Thoughts on books, family, and life in one impressive package.
Book Cover Image: Of Human Bondage by W. Somerset Maugham

Title:  Of Human Bondage

Author: W. Somerset Maugham

No. of Pages:  623

First Released:  1915 

Synopsis (Courtesy of B&N): “From an orphan with a clubfoot, Philip Carey grows into an impressionable young man with a voracious appetite for adventure and knowledge. Then he falls obsessively in love, embarking on a disastrous relationship that will change his life forever.”

Comments and Critique:  That synopsis is so inadequate, but honestly I have no idea how to improve it.  To state that this book is about love is a gross understatement.  In addition, this book is not just a coming-of-age novel.  I would say that the main theme is relationships – to friends, to family, to the opposite sex, to yourself.  Equal parts philosophical and dramatic, Maugham requires the reader to reexamine his or her own relationships throughout one’s life, bringing to life both painful and joyful memories. 

Philip is very much a flawed main character.  He is overly sensitive and boorish, snobbish and elitist.  He struggles to form lasting relationships with others and constantly lets his clubfoot impact those relationships.  Even worse, he has a delusional opinion of love that gets him constantly in trouble.  And yet, the reader feels tremendous sympathy for Philip because we have all been in Philip’s shoes at some point in time in our lives.  Everyone has had experience being overly sensitive or boorish, snobbish or elitist.  We have all had at least one bad, unhealthy love interest or friendship.  We can relate to his struggles to grow up because we have all had to do so ourselves. 

This sympathy for Philip is what makes this book timeless.  Philip’s experiences easily translate to the twenty-first century because they are decidedly human experiences – questioning faith, experiencing love, struggling to make ends meet.  Because of this, the book is equally frustrating and beautiful because honestly, who wants to relive their painful youth?  And yet, Maugham tells the experience of growing up so well that the reader is forced to relive their youth through Philip’s experiences.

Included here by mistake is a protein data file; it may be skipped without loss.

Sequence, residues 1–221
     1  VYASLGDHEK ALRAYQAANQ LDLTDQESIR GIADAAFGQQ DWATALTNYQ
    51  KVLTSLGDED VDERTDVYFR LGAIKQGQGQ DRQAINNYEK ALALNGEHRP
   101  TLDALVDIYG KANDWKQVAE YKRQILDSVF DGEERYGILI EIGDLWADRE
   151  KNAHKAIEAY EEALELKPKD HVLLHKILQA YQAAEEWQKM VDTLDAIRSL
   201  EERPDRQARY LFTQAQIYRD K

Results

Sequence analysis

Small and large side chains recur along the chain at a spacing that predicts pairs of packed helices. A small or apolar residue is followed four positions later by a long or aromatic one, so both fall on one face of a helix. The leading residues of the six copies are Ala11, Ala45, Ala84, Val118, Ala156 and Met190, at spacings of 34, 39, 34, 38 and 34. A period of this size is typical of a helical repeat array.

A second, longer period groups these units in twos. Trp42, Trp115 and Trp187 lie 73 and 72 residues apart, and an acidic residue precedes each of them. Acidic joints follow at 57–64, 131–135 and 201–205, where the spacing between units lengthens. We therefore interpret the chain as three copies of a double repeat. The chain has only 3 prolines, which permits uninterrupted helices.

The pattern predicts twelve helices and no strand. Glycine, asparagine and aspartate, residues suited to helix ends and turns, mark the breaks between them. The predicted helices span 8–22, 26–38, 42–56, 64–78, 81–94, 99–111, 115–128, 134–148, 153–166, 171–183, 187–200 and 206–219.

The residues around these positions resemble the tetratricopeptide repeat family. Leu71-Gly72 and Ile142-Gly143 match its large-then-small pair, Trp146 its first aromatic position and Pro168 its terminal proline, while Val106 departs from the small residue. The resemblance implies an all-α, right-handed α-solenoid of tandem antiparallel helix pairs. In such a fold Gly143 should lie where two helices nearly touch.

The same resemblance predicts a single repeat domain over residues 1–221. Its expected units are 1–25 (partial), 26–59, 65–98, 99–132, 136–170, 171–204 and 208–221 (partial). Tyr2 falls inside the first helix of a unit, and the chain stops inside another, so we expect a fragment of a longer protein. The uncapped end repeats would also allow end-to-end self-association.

Because of the pain and angst Philip experiences throughout the book, it is not comfortable reading at times and therefore may not be for everyone.  I know others who read this with me who expressed a desire to take Philip by the shoulders and shake some sense into him.  I definitely shared those sentiments at time, and yet, the lack of sense is what made the book so enjoyable.  Watching him grow and become a man is painful and frustrating, but so is actually doing it.  As a reader of this book, remembering this fact is key to sympathizing with Philip and enjoying the book itself.

I would recommend this book to anyone who loves classics or character-driven books.  Maugham makes the reader think, which is never a bad thing in my opinion.  Like most classics, it is not an easy read but worth the struggle. 

If you have read Of Human Bondage, I would love to know what you thought.  Do you agree with my assessment or disagree?  What were your impressions?

Image: Signature Block

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